Image courtesy of: Mail-Order-Brides.com
The famous direct-response copywriter Dan Kennedy amassed a fortune crafting offers for blue-collar workers, and specifically truck drivers (I believe he consulted on one of the more successful “mail order brides” offers)
Dan had a simple test for determining whether he had a winning offer. He would buy a round of drinks for a small group of truck drivers, read the sales letter aloud and also hand them copies.
“What do you think about it?” he would ask, after allowing enough time for them to digest it.
If they said the copy was great and no more, he knew the offer would likely bomb--and he needed to go back to the drawing board.
The true test of a potential winner was if at least a few of them asked “where/how can we get this thing?”
You see, he would intentionally leave out the ordering details and sometimes the price, to see if anyone also asked, “how much does it cost?”.
Everyone who is successful at face-to-face sales develops intuition around this i.e. reliable buying signals that may be counter intuitive.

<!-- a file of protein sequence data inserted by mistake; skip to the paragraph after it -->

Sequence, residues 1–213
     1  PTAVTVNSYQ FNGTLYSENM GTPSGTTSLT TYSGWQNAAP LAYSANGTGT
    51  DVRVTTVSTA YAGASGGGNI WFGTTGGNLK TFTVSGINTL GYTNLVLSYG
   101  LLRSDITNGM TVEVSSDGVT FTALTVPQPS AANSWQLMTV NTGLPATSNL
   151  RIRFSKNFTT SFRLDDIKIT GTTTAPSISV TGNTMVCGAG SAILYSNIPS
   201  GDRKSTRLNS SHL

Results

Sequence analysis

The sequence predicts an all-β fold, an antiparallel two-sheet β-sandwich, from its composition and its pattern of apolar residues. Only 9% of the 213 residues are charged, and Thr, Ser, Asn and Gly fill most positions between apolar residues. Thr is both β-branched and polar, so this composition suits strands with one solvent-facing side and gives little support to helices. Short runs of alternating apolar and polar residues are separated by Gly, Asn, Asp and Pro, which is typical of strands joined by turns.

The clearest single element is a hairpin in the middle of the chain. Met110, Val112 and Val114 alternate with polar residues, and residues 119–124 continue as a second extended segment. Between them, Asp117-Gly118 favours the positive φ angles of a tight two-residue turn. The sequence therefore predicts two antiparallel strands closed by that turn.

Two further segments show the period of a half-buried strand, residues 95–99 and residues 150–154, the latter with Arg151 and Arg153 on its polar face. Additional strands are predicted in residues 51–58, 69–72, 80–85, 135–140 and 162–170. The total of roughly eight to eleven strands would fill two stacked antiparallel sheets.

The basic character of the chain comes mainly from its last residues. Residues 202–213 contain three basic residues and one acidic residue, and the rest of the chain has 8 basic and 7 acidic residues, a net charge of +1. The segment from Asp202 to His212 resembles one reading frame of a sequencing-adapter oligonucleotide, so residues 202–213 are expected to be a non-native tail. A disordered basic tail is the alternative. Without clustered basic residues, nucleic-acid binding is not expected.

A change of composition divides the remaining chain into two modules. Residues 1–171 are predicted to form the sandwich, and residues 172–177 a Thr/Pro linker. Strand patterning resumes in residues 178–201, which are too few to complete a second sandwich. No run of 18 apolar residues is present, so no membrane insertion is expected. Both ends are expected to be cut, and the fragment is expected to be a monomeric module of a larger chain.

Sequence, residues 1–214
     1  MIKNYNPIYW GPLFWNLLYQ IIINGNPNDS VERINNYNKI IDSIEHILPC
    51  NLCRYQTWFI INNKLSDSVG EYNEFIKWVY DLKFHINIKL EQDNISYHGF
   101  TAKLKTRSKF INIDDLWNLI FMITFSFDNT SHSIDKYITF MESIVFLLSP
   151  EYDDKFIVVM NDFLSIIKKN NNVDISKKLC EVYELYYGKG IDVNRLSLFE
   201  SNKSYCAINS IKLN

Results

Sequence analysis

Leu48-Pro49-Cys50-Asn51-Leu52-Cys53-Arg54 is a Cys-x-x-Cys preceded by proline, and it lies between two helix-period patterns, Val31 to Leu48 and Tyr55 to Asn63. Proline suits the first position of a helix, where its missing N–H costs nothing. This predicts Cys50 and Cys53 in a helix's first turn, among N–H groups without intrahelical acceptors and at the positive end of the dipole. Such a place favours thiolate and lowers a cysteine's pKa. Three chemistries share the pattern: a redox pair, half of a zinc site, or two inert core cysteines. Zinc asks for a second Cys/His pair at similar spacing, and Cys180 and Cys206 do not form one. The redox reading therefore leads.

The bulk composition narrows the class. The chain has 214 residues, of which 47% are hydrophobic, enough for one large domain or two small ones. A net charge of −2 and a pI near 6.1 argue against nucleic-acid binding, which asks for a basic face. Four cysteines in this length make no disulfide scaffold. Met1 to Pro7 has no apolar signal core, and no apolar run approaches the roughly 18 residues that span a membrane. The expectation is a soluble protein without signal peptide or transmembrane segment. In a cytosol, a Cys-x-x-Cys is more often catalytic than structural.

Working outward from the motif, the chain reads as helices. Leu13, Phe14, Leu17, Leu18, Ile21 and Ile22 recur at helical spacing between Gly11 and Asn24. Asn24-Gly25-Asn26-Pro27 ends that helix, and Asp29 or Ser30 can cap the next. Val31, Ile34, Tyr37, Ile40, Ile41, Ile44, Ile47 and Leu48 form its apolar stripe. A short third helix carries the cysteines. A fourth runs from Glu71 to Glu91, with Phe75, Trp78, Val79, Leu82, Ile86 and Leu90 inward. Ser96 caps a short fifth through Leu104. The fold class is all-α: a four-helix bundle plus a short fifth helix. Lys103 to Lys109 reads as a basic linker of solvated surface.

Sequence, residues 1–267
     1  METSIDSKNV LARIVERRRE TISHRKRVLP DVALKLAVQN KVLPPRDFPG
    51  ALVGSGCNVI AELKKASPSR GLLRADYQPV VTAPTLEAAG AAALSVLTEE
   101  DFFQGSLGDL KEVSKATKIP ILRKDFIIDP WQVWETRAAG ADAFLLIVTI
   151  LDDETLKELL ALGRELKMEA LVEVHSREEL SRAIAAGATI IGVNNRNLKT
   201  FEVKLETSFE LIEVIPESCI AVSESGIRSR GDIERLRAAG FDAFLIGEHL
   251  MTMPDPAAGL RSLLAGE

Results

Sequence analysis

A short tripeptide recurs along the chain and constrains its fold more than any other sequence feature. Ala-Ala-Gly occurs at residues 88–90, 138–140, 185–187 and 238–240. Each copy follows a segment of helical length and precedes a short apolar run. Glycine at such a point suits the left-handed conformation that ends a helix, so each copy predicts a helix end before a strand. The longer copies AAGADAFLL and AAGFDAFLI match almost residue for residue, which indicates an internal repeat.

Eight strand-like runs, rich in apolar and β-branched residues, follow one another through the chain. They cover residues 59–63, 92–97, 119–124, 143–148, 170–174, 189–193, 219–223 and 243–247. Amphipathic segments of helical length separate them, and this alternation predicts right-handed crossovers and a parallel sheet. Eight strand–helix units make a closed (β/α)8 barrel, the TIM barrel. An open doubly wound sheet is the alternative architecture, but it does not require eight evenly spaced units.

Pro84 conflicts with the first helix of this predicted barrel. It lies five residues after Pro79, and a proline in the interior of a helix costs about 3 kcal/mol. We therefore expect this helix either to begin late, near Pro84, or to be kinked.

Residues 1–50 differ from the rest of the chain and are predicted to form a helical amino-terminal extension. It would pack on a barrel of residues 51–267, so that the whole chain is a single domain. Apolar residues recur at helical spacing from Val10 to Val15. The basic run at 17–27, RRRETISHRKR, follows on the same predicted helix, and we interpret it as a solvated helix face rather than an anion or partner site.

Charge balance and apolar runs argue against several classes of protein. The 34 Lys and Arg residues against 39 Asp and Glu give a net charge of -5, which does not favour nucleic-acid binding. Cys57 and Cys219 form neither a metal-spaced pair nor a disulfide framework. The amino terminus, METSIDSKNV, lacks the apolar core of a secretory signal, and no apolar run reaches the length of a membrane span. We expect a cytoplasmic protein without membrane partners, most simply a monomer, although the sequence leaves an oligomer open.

Realtors, for instance, know that when a prospect gushes about the property she will not buy. It is the one who complains that the windows are too small or about the paint, that is likeliest to give you money and should therefore be top priority.
Experienced seducers (yes this is a kind of sale!) never offer their name when initially meeting a woman. They wait to see if she asks theirs. Telling her one’s name is a wasted opportunity to gauge interest. A woman who asks your name may have some interest and is worth engaging. One who does not, has zero interest.
Once you hone this instinct for your market, it is much easier to write high converting copy—it is the words on a landing page that do much of the heavy lifting.
Luni Libes (the founder of Fledge Accelerator) advises founders to ignore people who say their idea is great, when doing initial surveys to determine product-market fit. Instead, after describing your product or service, tell them it will be available soon and then ask for money.
Most will say no (even the ones who said the idea was great) but do not stop there. Ask them why they would not pay for it. This is the only way to get meaningful feedback and direction on what to build.
The rejection hurts, but is a lot more helpful than people telling you how great your idea is (which feels nice)!